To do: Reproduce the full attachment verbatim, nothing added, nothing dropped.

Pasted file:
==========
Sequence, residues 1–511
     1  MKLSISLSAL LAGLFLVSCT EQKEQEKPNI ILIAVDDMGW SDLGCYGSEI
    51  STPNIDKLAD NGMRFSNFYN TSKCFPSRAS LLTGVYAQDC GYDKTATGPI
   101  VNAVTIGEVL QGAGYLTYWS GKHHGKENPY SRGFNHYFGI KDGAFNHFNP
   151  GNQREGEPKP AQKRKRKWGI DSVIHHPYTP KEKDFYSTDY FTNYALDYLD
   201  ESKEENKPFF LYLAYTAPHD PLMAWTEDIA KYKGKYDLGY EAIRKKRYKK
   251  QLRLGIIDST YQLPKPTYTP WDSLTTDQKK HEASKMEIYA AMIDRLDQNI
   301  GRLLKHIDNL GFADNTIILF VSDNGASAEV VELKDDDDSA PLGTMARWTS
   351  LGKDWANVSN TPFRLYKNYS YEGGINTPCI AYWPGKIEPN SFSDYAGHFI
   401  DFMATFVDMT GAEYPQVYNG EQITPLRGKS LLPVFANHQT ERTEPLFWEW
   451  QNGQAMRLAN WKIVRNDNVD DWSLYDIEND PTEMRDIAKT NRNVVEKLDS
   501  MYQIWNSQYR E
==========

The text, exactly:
Sequence, residues 1–511
     1  MKLSISLSAL LAGLFLVSCT EQKEQEKPNI ILIAVDDMGW SDLGCYGSEI
    51  STPNIDKLAD NGMRFSNFYN TSKCFPSRAS LLTGVYAQDC GYDKTATGPI
   101  VNAVTIGEVL QGAGYLTYWS GKHHGKENPY SRGFNHYFGI KDGAFNHFNP
   151  GNQREGEPKP AQKRKRKWGI DSVIHHPYTP KEKDFYSTDY FTNYALDYLD
   201  ESKEENKPFF LYLAYTAPHD PLMAWTEDIA KYKGKYDLGY EAIRKKRYKK
   251  QLRLGIIDST YQLPKPTYTP WDSLTTDQKK HEASKMEIYA AMIDRLDQNI
   301  GRLLKHIDNL GFADNTIILF VSDNGASAEV VELKDDDDSA PLGTMARWTS
   351  LGKDWANVSN TPFRLYKNYS YEGGINTPCI AYWPGKIEPN SFSDYAGHFI
   401  DFMATFVDMT GAEYPQVYNG EQITPLRGKS LLPVFANHQT ERTEPLFWEW
   451  QNGQAMRLAN WKIVRNDNVD DWSLYDIEND PTEMRDIAKT NRNVVEKLDS
   501  MYQIWNSQYR E